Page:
The other day, while the rain was pounding down and I thought the winds were going to blow us away, I kept chanting over and over in my head, "spring is almost here, spring is almost here, spring IS almost HERE!" Just about the time I was ready to take the babe under the house with a candle and some bottled water to wait out the monsoon, I peeked out the window and saw there was no way the wee tot and I were heading downstairs because there was standing water all over the place.
We have a space down there that is quite large and we've tossed around the idea of finishing it to create an indoor outdoor room. It's also where all our garden stuff is stored. So, from bulbs to the weed wacker, most items were now either damp, dripping, or totally done for.
So, yesterday, when spring had really sprung, I ventured down to see what was a total loss and what could be salvaged. I'd just stumbled across a spring de-cluttering (well, really, a trashing and tossing) article from the Motherboard and I was ready to stop the hoarding and start the pitching.
I love garden stuff. Every year I plan and create the most amazing garden - in my head. I spend some cash on garden stuff and then it gets hot and I get lazy and nothing gets done. Last year we had a couple of overgrown tomatoes hanging out amongst a wonderful collection of weeds and overgrown dandelions. After making sure all the garden tools still worked (and installing hooks to hang them from), I was ready to go through the other stuff.
Next up, the adorable collection of seeds. Half had been sitting for a few years unused collecting dust and the rest had sprouted in their own paper envelopes. After learning they really aren't any good after a year or so, I knew they really should go. But, being the way I am, throwing things out are a bit hard for me. There had to be something fun those seeds could be good for other than growing.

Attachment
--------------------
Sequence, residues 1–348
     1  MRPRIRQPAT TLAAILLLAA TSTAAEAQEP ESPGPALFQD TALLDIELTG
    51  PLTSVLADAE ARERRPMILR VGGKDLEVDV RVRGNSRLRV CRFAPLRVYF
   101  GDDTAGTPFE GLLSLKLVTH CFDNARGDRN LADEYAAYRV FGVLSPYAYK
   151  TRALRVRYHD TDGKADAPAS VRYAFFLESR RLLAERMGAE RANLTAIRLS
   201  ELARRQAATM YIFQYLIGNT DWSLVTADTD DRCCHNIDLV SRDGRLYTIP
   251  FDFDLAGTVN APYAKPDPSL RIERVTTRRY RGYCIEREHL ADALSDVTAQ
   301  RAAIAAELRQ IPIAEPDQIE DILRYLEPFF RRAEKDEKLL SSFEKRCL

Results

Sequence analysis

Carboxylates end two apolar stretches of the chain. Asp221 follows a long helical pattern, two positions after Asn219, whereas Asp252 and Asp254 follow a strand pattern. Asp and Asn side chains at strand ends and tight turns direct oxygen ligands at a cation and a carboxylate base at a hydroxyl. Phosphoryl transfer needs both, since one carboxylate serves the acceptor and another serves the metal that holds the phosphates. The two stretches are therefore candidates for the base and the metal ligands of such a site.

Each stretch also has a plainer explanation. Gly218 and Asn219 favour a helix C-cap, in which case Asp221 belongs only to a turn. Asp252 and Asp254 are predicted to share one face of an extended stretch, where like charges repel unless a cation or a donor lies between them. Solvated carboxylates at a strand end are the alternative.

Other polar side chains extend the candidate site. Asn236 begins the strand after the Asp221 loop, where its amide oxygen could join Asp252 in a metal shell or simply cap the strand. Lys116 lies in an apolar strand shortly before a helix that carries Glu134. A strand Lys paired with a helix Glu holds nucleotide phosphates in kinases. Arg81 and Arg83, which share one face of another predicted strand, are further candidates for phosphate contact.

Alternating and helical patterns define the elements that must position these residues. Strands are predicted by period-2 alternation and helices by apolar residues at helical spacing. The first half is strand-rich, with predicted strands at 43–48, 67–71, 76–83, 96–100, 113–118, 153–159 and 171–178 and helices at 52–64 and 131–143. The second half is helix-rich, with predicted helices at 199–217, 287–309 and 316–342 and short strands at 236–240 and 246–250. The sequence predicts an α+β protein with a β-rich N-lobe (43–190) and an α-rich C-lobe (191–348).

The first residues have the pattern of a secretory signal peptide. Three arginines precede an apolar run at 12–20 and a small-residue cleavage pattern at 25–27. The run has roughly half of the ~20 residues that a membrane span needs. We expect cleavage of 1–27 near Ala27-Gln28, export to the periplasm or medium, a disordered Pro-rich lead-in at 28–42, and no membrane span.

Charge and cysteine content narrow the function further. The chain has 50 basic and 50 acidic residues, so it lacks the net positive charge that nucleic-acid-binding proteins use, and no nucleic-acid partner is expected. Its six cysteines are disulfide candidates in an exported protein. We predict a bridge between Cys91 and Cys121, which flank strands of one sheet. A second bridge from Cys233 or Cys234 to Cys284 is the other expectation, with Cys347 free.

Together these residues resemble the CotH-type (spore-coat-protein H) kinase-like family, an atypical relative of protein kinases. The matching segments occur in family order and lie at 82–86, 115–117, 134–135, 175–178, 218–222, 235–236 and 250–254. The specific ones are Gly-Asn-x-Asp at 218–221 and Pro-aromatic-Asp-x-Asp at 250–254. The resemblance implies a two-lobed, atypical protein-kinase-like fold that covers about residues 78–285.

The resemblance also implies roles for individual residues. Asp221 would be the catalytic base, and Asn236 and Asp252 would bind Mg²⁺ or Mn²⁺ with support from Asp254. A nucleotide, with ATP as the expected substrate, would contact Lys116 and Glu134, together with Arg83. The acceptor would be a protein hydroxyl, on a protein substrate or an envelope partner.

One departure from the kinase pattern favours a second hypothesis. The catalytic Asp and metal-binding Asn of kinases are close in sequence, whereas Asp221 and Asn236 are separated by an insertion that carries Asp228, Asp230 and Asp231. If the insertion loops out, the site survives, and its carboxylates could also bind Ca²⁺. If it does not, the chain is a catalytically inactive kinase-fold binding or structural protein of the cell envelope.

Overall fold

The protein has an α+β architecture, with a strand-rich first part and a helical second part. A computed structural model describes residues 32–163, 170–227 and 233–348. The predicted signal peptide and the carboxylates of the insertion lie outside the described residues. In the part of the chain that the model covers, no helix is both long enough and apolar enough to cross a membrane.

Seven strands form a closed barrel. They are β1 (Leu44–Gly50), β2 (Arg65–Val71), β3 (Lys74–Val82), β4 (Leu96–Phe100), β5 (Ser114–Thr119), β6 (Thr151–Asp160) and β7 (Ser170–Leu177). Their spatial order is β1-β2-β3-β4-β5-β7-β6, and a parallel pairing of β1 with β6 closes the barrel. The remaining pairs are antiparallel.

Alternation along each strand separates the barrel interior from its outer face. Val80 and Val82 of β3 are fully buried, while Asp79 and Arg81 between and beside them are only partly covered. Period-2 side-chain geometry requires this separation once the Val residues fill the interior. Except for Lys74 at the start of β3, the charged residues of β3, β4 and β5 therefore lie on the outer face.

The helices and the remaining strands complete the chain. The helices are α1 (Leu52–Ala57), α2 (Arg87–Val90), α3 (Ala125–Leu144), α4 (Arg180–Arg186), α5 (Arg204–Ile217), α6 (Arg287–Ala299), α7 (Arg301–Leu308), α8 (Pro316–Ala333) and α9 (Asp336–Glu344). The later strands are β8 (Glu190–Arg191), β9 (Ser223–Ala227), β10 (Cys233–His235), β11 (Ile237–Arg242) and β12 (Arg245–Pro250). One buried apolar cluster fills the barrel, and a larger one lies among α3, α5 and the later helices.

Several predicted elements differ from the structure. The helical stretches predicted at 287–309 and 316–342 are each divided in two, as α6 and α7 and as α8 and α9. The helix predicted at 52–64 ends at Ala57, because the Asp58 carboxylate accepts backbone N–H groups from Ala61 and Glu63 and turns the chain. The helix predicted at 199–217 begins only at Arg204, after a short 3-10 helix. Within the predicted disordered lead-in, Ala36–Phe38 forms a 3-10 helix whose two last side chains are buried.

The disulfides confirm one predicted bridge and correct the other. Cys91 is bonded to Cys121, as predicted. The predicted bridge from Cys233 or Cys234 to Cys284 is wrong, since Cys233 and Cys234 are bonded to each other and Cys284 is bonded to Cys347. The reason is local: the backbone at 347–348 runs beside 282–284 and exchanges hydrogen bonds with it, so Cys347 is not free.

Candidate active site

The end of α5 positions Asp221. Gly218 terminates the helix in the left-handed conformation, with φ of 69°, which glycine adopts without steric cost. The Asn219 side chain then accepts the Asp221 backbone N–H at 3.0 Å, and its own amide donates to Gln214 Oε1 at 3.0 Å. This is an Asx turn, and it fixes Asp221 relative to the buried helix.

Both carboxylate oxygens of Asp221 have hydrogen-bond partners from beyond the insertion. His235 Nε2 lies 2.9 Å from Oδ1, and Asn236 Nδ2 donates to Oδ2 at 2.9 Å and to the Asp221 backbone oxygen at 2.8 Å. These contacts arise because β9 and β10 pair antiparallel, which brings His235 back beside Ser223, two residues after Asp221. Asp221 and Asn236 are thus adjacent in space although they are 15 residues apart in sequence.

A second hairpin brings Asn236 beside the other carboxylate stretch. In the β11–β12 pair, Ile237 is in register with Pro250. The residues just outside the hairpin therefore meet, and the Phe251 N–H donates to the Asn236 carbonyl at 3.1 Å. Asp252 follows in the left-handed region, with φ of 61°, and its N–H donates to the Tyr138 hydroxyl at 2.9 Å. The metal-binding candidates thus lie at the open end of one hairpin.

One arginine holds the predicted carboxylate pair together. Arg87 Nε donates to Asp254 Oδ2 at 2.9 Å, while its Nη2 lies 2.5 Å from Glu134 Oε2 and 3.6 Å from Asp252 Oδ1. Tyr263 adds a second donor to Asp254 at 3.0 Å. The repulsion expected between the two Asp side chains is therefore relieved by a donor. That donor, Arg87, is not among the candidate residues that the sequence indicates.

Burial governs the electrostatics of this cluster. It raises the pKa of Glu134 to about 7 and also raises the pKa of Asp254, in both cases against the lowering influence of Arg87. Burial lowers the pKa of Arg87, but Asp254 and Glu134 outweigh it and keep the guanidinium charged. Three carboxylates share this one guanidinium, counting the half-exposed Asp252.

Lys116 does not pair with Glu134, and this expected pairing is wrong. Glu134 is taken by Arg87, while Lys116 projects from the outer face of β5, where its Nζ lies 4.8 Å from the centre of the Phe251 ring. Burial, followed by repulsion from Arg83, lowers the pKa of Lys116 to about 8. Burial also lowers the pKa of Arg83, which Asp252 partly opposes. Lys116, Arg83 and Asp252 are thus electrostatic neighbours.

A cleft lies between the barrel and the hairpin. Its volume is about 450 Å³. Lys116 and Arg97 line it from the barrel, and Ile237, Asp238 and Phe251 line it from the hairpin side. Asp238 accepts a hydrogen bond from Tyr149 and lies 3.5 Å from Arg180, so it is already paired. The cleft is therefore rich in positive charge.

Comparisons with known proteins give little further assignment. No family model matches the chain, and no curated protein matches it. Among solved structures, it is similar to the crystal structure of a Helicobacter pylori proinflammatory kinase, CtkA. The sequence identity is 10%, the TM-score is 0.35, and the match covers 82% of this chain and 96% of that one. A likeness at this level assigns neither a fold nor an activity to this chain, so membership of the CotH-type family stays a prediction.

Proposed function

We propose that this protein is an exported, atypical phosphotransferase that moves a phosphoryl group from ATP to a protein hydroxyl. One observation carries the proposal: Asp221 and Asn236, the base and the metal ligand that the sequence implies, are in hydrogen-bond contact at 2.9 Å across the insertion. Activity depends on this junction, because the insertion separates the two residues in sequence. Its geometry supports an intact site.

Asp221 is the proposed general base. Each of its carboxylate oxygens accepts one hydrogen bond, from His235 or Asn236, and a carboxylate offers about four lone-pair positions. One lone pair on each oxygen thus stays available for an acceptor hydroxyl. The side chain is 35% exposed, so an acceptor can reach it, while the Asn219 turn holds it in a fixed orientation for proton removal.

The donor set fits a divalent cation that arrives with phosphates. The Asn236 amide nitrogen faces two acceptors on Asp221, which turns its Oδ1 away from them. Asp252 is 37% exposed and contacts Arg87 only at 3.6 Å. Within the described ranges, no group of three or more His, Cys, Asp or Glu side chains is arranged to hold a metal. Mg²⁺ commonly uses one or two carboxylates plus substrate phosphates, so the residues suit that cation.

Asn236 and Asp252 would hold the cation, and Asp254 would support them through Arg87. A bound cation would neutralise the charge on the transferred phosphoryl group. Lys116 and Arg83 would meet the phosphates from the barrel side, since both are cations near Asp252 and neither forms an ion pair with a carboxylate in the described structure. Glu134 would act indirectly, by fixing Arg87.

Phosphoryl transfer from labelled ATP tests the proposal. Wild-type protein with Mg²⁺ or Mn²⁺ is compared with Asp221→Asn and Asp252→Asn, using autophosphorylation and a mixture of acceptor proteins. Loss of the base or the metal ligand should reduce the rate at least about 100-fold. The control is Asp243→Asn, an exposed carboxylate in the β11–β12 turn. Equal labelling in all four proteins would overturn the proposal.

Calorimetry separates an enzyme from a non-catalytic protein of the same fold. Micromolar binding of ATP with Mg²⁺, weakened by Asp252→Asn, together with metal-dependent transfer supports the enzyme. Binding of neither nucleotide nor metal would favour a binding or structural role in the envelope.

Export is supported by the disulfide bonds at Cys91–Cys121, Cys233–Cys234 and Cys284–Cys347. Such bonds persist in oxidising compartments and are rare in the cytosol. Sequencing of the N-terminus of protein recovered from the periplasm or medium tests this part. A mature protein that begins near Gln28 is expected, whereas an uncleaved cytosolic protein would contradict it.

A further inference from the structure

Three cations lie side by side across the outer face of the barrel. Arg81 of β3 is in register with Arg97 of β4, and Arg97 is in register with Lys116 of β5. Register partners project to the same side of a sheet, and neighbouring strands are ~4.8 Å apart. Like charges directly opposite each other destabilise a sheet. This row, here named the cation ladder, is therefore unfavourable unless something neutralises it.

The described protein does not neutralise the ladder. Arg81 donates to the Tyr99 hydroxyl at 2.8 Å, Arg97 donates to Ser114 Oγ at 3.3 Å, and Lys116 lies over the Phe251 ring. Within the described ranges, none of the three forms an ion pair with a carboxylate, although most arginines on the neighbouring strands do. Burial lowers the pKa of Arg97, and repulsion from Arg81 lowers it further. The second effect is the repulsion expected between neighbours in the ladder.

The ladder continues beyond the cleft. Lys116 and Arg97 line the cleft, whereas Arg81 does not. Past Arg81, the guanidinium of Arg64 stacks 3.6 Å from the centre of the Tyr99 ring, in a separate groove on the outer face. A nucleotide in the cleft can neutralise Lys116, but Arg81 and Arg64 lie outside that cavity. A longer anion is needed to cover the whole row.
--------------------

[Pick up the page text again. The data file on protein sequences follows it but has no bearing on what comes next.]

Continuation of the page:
And, there was.....
Your kids can turn those seeds into a spring craft by creating a sparkling seedy picture frame. I started by helping the wee tot glue together four popsicle sticks into a square. While waiting for the frame base to dry, we created a spring inspired marker wash to place in our finished frame.
Once the popsicle stick frame is dry, invite your child to coat the top side of the frame with glue. She can either squeeze it out of the bottle or use a brush to coat the sticks. Either way, encourage your child to really cover that frame!
Now it's time to get seedy! Older kids can individually place seeds creating patterns or areas of texture with one kind of seed. The young ones can just sprinkle willy-nilly.
Finish things off with a dusting of silver and gold glitter. Once the spring seed frame is dry, your child can place a picture of her own creation in the frame and display it somewhere in the home. We put ours on the mantel!
But that's not all...
You could also use those seeds for a fun science project. Yes, we know they might not grow, but that shouldn't stop your family from doing a "will it grow" experiment!
Help your child get started by cutting a fresh sponge into a small square and finding a shallow dish it will fit in.
Now invite your child to select a couple of seeds and press them into the holes of the sponge. Your child can fill the dish half way with water and find a sunny spot to place her sponge spring seed experiment on.
Encourage your child to make a chart to document the changes the seeds go through during the week along with making sure the sponge stays wet.
At the end of the week, take a look at the results, both on the chart and the sponge. Did any of the seeds grow?